This post is about fifteen years in the making… and even now, it’s still a work in progress.
I’m a high school teacher, and I started my career at a small parochial school teaching English and Religion courses. Every year I taught there, the faculty would attend a SoCal Christian educators conference; and at this conference one year, I attended a seminar on the topic of teens’ intake of entertainment media. I took the resources from this seminar back to my classroom and created a series of lesson plans on the topic. Those lessons eventually morphed into my first book, Engaging the Media.
This topic – our culture’s obsession with entertainment – is one that I’ve wrestled with and thought about for years, and is one that I was happy to see that Wallace wrestled with as well. Apparently, the working title David used while writing Infinite Jest was “A Failed Entertainment,” referring, in part, the the fatally addictive video cartridge produced by one James O Incandenza.
As I read the portion of the Marathe-Steeply conversation on 30 April (my daughter’s birthday, btw) YDAU, I was reminded of the paper I intended to present at the first annual David Foster Wallace conference. My working title for the as-of-yet-unwritten paper was “Fatal Distraction: How We’re Entertaining Ourselves to Death.” I intended to write about how our hyper-mediated culture is killing off important elements of our human experience.
But, as John Lennon sang, “life is what happens while you’re busy making other plans.” Life got in the way, and I wasn’t able to write this paper in time for the conference two years ago. Instead, I approached the topic of addiction from another angle: my own addiction to prescription anti-anxiety medication (turns out it was the WRONG medication to be on) and the subsequent withdrawals I experienced coming off that medication and finally going on the right medication. You can read that paper here.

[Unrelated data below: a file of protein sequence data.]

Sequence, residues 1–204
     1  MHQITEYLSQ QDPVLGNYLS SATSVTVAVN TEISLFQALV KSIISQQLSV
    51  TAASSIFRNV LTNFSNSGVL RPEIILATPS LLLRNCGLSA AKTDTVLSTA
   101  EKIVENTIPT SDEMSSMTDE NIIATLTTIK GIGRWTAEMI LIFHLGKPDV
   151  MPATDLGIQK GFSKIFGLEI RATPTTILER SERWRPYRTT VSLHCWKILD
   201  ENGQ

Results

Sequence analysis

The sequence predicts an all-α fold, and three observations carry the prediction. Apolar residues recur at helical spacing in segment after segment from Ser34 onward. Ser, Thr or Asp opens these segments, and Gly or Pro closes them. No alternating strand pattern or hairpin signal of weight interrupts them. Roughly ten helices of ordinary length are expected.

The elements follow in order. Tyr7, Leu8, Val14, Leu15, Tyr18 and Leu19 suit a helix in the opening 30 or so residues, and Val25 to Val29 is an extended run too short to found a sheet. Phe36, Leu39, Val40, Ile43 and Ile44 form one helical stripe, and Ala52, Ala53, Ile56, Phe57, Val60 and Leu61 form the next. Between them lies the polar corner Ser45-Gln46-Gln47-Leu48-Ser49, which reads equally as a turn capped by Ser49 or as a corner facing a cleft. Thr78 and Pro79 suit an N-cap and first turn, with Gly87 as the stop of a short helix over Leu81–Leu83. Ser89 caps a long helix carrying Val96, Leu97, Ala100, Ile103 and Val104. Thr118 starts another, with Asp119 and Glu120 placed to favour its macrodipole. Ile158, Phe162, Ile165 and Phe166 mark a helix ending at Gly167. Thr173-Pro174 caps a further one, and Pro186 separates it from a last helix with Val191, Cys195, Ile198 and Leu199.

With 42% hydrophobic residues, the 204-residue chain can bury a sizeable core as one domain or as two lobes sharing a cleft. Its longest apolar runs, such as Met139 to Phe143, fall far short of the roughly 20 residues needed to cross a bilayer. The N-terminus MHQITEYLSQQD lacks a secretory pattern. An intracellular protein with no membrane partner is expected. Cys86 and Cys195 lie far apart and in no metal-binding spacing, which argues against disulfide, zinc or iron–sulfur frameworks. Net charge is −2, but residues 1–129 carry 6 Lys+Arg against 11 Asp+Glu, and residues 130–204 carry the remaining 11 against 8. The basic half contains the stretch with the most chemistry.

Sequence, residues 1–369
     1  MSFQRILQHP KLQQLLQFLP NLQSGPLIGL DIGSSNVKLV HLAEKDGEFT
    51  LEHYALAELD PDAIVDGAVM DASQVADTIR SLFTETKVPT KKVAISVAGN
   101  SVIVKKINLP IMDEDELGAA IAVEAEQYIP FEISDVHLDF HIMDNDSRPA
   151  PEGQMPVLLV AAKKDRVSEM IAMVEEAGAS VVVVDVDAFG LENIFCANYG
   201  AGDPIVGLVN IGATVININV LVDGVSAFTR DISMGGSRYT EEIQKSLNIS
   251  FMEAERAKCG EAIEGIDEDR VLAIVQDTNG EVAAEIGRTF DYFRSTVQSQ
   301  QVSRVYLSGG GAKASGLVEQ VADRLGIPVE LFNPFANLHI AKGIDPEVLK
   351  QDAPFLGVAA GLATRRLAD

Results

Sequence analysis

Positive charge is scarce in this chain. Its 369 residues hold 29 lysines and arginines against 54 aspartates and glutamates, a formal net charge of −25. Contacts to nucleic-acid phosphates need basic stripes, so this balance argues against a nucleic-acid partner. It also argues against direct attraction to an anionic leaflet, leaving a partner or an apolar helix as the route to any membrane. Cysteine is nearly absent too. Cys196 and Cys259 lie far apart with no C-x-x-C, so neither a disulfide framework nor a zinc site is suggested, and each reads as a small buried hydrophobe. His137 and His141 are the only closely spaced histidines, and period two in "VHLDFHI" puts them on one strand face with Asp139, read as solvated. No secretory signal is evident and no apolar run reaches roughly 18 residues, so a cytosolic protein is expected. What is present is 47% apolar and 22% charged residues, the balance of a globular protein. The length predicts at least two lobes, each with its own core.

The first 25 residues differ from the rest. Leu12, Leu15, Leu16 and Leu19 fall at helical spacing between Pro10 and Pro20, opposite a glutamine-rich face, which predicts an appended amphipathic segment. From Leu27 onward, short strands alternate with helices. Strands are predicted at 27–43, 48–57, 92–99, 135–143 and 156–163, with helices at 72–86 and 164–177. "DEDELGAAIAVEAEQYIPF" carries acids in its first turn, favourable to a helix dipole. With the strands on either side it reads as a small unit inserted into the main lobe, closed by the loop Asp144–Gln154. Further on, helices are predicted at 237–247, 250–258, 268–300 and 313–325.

Anyway, I digress.
Back to Marathe and Steeply, casting their long shadows as the sun sets over Tuscon. Marathe, in talking about the Entertainment video cartridge, makes some intriguing points about America’s obsession with entertainment. And I quote:
“A USA that would die – and let its children die, each one – for the so-called perfect Entertainment, this film.”
“You cannot kill what is already dead… This appetite to choose death by pleasure if it is available to choose – this appetite of your people unable to choose appetites, this is the death. What you call the death, the collapsing: this will be the formality only… But you can only delay. Not save.”
These Greek chorus-like figures speak presciently of the death many Americans are dying. A death by pleasure. A death by mediated entertainment. A death of our own choosing. We don’t need some sinister plot by Quebecois separatists to bring about our demise. All we need is the screen on some device and the latest cat video or the newest version of Candy Crush. The world just passes us by as we “react” to whatever is on that screen.
This death seems inevitable. As Marathe says, “[We] can only delay. Not save.”